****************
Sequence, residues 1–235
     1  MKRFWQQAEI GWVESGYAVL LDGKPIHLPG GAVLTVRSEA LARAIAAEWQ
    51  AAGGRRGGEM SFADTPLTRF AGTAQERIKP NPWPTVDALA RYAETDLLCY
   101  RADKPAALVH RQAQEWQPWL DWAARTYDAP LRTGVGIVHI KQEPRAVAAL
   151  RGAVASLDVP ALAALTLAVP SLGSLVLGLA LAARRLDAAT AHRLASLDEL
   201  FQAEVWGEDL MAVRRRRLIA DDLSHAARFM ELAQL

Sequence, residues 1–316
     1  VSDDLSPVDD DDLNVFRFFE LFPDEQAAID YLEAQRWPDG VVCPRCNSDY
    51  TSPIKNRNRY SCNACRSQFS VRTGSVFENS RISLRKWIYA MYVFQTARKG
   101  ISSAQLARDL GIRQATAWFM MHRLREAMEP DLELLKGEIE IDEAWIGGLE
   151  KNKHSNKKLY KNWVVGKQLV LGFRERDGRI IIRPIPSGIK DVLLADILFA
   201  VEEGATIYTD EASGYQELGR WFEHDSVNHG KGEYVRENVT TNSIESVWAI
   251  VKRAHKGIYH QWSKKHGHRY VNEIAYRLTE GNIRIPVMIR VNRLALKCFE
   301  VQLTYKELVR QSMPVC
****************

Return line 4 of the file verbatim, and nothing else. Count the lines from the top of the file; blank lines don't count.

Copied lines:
   101  RADKPAALVH RQAQEWQPWL DWAARTYDAP LRTGVGIVHI KQEPRAVAAL